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Reply To: Reflections Upon a Hawaiian Graveyard,” with John Bonaduce, Ph.D.”


John writes

I guess that was not the only grave I visited that weekend. I went to the Pearl Harbor memorial. And, again, there is a relation between the intention of the memorial and its greater meaning. The men who lie forever entombed in the steel carcass of the Arizona call upon our deepest patriotic sensibilities but what a shame if that is where we stop. We are always ready to concretize the mystery in some half-way house of shared values like Patriotism, and, well, that’s good for memorial day weekend.

Thanks, John, for sharing these thoughts about the Pearl Harbor memorial (which I found a truly moving experience) and our honoring of the war dead on Memorial Day –– especially the point you make in the succeeding paragraph about the aftermath of war.

On a related note, exactly ten years ago my wife and I were in Honolulu representing JCF at the Voyage of Aloha conference over the Memorial Day weekend. We had arrived a few days early to take in the sights, which included a visit to the National Cemetary up in the Punchbowl, where preparations were underway for the huge memorial celebration – flags being placed on graves and lining the drive up to the cemetery, rows and rows of chairs being set up, honor guard and military band practicing, etc.

We had considered returning on the holiday itself as part of the crowd honoring the war dead

. . . but we then spent several days rubbing shoulders with locals (rather than staying near Waikiki, as on my first visit to the islands a few years before, we stayed closer to downtown, at the Pagoda, an aging hotel where locals from other islands stay when on Oahu). Several Hawaiians recommended we see how those who live on the islands observe death by instead spending Memorial Day at the Ala Moana park and beach (about a half mile walk from our lodging, I had bathed in the ocean at Ala Moana during a dawn water ritual led by indigenous kahunas to open our conference a few days before).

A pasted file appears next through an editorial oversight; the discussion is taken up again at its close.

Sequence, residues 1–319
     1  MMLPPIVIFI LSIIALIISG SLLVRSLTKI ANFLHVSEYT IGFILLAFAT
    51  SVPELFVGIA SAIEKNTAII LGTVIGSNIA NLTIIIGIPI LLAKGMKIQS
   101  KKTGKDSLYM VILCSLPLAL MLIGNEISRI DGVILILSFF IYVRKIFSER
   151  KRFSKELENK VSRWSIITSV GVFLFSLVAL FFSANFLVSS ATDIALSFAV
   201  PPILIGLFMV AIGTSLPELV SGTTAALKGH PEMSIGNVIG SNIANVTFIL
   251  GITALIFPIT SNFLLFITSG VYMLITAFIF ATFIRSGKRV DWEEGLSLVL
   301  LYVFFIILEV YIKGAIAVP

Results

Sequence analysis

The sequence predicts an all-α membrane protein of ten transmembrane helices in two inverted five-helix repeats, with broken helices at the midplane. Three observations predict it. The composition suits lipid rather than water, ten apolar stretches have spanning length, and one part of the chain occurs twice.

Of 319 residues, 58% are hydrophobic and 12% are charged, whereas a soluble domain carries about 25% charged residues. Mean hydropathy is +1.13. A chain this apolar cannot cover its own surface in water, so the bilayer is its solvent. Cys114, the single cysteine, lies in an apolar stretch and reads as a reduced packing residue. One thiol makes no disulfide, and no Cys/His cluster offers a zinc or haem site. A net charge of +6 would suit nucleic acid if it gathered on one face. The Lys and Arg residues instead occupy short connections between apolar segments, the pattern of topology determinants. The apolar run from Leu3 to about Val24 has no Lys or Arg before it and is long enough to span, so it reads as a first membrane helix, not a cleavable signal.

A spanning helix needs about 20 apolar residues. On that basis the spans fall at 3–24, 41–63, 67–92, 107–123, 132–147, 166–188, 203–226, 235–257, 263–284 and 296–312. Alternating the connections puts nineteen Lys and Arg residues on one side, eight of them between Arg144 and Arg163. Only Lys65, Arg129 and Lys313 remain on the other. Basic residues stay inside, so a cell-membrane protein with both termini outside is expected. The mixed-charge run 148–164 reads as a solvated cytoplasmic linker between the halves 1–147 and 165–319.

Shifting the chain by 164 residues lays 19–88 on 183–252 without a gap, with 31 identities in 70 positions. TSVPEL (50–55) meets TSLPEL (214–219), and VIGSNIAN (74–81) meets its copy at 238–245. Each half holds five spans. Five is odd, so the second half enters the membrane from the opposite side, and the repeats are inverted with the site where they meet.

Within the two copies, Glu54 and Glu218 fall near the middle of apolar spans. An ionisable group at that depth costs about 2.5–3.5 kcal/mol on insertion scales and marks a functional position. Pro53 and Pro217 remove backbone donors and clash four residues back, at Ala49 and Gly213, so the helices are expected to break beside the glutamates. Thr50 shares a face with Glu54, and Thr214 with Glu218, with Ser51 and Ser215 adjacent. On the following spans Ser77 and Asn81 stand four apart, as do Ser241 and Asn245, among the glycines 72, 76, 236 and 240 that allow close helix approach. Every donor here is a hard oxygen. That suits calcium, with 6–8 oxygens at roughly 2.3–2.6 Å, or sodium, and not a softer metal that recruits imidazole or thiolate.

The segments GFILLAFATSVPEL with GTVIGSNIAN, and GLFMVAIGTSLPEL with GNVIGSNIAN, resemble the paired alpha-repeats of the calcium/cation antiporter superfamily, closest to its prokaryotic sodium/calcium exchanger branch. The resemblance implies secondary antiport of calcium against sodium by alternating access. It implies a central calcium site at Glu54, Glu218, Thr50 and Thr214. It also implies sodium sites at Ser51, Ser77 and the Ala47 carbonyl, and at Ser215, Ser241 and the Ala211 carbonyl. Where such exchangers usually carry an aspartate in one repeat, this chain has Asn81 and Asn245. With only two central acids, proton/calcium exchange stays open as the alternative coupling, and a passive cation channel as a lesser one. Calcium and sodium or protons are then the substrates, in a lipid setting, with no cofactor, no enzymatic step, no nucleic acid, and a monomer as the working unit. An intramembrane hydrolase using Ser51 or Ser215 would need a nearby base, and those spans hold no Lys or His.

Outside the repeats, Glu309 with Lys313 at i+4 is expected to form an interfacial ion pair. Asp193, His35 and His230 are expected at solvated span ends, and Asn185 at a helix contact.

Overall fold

Best decision ever.

Late afternoon on Memorial Day, my wife and I walked to Ala Moana Park. Instead of a somber atmosphere with color guards, rows of flags, military jets flying in formation overhead, trumpets, 21-gun salutes, and all the usual patriotic ritual, the scene resembled one massive picnic in the park – children running around and playing, families feasting on everything from hot dogs or fried chicken to spam sandwiches, poi, sushi, and more exotic fare – but in addition to the usual holiday activities, every family group was also busy creating little paper boat lanterns, in which they placed the names of relatives who had died, along with poems and such honoring their memory. As the sun set, and large, rough-hewn outrigger canoes with a dozen or more rowers each plied the waters of the little bay, a Buddhist monk and Shinto priestess led a memorial ceremony amplified over loudspeakers.

Then the thousands and thousands of participants all slowly worked their way to the shore where, after a moment of silence and reflection, they released their lighted lantern boats upon the water and then made way for others; at the same time, a smaller number of people released paper lantern balloons into the air, the flaming candles all representing the souls of the departed.

Despite the size of throng, we found ourselves soon enough at water’s edge, where we witnessed hundreds of moving personal ceremonies as the boats and balloons were released. The effect was spectacular. Once the sky grew dark, it was difficult to distinguish between the lanterns on the waves, the paper balloons in the air, and the stars in the night sky above – all was but one vast three-dimensional field filled with individual points of light.

Ala Moana Paper Lantern Ritual
(Forgive the fuzziness of this image from an old phone, taken before the sun had fully set, but it does convey the sense of the lantern ceremony)

I don’t mean to discount official Memorial Day military ceremonies, which I’ve attended before in my hometown – but I found this massive, collective participation ritual that combined joy, reflection, grief, and nature (releasing souls back into the abyss of sea and sky) particularly moving, joyful, and life-affirming. The focus wasn’t just on war dead (though they, too, were celebrated), but on family, and the embrace of this inevitability as part of the natural cycle.